Alpine Sea Holly Eryngium alpinum 'Blue Star'

👤 Non-toxic to humans
🐾 Non-toxic to pets
🌸 Blooming
🍪 Not edible
‍🌱 Easy-care
alpine eryngo 'Blue Star'

ABOUT

Eryngium alpinum 'Blue Star', commonly known as the alpine sea holly, is a striking perennial plant known for its unique appearance. The plant's most notable feature is its thistle-like flower heads that are a striking metallic blue color. These flower heads are surrounded by a ruff of spiny bracts, which also possess a similar blue hue, creating a contrasting effect against the green foliage. The leaves of the alpine sea holly are equally interesting, with a coarse texture and a deep green color that may also have hints of blue. These leaves are often spiny-edged and shaped like elongated hearts or lances. The stems of the 'Blue Star' variety are stiff and branched, each one ending in a flower head. The overall look of the plant is one of structured elegance, with a touch of wild, natural charm due to the spiky appearance of the flowers and foliage. It has a distinctive architectural quality that makes it a favorite in ornamental gardens for adding visual interest and attracting pollinators like bees and butterflies. Despite its common name suggesting a mountain origin, the alpine sea holly carries an appearance that allows it to blend seamlessly with various garden styles. The striking blue color and unique form provide a focal point among softer, more traditional garden plants. The hardy nature of Eryngium alpinum 'Blue Star' also contributes to its appeal among gardeners who admire both its beauty and resilience.

Plant Info
Care
Common Problems

About this plant

  • memoNames

    • Family

      Apiaceae

    • Synonyms

      Alpine Sea Holly, Blue Star Sea Holly, Alpine Eryngo

    • Common names

      Eryngium alpinum.

  • skullToxicity

    • To humans

      Alpine sea holly is not commonly known to be toxic to humans. There is no significant evidence suggesting that ingestion or handling of Alpine sea holly causes poisoning or adverse health effects in humans. However, as with many plants, individual allergies or sensitivities may exist, so it is always prudent to handle plants with care and avoid ingestion unless they are known to be edible.

    • To pets

      Alpine sea holly is also not known to be toxic to pets. It does not appear on lists of poisonous plants for pets, which suggests that it is generally considered to be safe around animals. However, just like with humans, pets may have individual sensitivities, and ingesting non-food items can sometimes lead to gastrointestinal distress or other issues. Thus, it's still a good practice to prevent pets from ingesting plants not intended for consumption.

  • infoCharacteristics

    • Life cycle

      Perennials

    • Foliage type

      Deciduous

    • Color of leaves

      Green

    • Flower color

      Blue

    • Height

      2 feet (60 cm)

    • Spread

      1 foot (30 cm)

    • Plant type

      Herb

    • Hardiness zones

      5

    • Native area

      Europe

Benefits

  • money-bagGeneral Benefits

    • Attracts Pollinators: Eryngium alpinum 'Blue Star', commonly known as alpine sea holly, is known to attract bees, butterflies, and other beneficial insects to gardens, helping to pollinate plants.
    • Drought Tolerant: Once established, alpine sea holly has low water requirements, making it suitable for xeriscape gardens and areas with water restrictions.
    • Low Maintenance: This plant requires minimal care once established, with no need for frequent watering or fertilizing, making it ideal for gardeners seeking low-maintenance options.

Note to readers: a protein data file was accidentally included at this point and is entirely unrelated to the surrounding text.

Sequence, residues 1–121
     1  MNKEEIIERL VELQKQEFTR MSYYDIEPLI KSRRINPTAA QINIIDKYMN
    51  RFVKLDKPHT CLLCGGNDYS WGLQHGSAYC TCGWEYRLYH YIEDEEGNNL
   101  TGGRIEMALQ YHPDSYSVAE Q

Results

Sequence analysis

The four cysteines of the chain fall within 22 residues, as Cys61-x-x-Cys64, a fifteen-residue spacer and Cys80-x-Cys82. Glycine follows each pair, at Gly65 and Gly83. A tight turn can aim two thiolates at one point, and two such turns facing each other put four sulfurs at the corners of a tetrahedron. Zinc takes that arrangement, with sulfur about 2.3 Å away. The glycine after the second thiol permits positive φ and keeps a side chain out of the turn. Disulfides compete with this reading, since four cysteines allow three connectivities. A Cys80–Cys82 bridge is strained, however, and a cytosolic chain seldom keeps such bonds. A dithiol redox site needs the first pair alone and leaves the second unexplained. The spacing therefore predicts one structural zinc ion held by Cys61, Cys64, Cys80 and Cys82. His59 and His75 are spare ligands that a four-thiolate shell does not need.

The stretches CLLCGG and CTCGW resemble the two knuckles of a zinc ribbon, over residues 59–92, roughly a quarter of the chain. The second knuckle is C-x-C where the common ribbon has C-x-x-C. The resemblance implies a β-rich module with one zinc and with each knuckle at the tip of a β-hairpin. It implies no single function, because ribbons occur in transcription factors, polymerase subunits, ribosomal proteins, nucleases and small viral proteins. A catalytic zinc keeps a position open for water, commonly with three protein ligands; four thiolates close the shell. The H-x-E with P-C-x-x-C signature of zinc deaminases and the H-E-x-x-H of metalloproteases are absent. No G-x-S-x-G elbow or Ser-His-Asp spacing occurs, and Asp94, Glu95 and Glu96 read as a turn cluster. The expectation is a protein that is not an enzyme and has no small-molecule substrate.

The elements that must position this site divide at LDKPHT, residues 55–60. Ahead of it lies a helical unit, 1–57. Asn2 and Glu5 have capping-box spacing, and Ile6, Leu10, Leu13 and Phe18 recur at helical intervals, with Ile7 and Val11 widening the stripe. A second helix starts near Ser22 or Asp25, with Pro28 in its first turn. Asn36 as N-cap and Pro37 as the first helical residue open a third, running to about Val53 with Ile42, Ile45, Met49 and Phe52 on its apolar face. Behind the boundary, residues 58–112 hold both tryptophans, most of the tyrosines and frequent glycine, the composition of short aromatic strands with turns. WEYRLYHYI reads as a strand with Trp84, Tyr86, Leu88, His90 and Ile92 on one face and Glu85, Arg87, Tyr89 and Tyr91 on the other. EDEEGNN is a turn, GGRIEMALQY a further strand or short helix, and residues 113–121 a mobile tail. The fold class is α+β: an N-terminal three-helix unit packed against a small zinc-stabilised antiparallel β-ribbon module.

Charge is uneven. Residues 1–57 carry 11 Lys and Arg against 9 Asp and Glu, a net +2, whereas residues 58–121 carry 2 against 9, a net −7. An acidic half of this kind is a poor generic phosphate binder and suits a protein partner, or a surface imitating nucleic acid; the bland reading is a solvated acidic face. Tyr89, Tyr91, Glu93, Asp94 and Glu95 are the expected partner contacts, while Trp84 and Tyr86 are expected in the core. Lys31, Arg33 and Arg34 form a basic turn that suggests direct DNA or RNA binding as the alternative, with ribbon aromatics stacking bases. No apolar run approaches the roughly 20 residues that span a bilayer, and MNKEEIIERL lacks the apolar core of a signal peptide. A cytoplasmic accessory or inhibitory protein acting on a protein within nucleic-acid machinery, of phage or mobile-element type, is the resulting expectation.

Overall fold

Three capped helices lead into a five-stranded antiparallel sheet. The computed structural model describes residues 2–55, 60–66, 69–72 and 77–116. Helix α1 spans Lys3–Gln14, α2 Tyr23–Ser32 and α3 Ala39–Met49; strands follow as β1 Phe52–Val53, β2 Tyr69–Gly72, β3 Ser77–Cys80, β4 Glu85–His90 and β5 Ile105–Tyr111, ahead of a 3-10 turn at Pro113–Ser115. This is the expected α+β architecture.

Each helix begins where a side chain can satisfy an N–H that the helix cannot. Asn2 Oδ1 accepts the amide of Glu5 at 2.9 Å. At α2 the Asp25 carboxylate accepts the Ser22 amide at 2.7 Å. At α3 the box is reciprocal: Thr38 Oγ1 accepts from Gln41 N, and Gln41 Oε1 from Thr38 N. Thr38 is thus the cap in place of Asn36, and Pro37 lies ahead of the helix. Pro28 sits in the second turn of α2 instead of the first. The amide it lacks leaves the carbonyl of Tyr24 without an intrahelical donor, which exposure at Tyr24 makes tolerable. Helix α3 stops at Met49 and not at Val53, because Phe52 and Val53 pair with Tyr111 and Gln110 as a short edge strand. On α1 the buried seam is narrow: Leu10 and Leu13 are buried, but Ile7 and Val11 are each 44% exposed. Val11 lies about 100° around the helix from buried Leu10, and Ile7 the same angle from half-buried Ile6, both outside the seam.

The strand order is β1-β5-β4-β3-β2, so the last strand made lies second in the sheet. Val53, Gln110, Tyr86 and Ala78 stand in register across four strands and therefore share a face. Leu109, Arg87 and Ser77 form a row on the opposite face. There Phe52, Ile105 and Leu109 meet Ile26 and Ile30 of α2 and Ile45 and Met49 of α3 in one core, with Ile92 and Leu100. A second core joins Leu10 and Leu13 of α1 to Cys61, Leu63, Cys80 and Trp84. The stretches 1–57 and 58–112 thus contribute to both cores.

• Deer Resistant: The alpine sea holly's spiny foliage makes it unattractive to deer, so it is less likely to be browsed by wildlife.
    • Long Blooming Season: With a blooming period from midsummer to early fall, alpine sea holly provides long-lasting color and interest in the garden.
    • Architectural Interest: The striking blue flowers and unique spiky texture of alpine sea holly add architectural interest and can be used as a focal point in garden design.
    • Cut and Dried Flower Use: The blooms and seed heads are excellent for both fresh and dried floral arrangements, retaining their color and shape well when dried.
    • Soil Versatility: Eryngium alpinum 'Blue Star' is adaptable to a range of soil types, although it prefers well-drained soil, making it suitable for various garden situations.
    • Hardy Nature: Being cold hardy, alpine sea holly can withstand frost and thrive in cooler climates.
    • Ornamental Seeds: The ornamental seed heads provide visual interest throughout the fall and into the winter, even after the flowering period ends.

  • medicalMedical Properties

    • Anti-inflammatory: Eryngium alpinum 'Blue Star' has been traditionally used for its potential anti-inflammatory properties.
    • Diuretic: The plant may have diuretic effects, which can help in increasing the passing of urine.
    • Antitussive effect: It has been used to alleviate coughs through its soothing properties on the throat and respiratory system.

  • windAir-purifying Qualities

    This plant is not specifically known for air purifying qualities.

  • leavesOther Uses

    • Eryngium alpinum 'Blue Star', commonly known as Alpine Sea Holly, can be used in dried floral arrangements, providing a unique texture and retaining its color well after drying.
    • The spiky foliage and bristly flower heads of Alpine Sea Holly are sometimes used in natural pest control, as their texture can be deterrent to some garden pests.
    • Alpine Sea Holly has been used in heritage crafts, such as the creation of traditional wreaths and natural decorations for its distinctive appearance.
    • This plant is sometimes incorporated into fashion design, with its striking blue flowers being used as inspirations, or actual components, of avant-garde headpieces and accessories.
    • The distinctive shape of Alpine Sea Holly's flowers allows them to be cast in metal or resin for use in ornamental art or jewelry making.
    • Gardeners plant Alpine Sea Holly to create a visually striking border with its unique color and form that contrasts well with other garden plants.
    • The thistle-like appearance of Alpine Sea Holly is occasionally used in symbolic art, representing resilience or protection.
    • Its robust nature allows Alpine Sea Holly to be used in educational projects about plant adaptation and survival in difficult soil conditions, such as rockeries or alpine beds.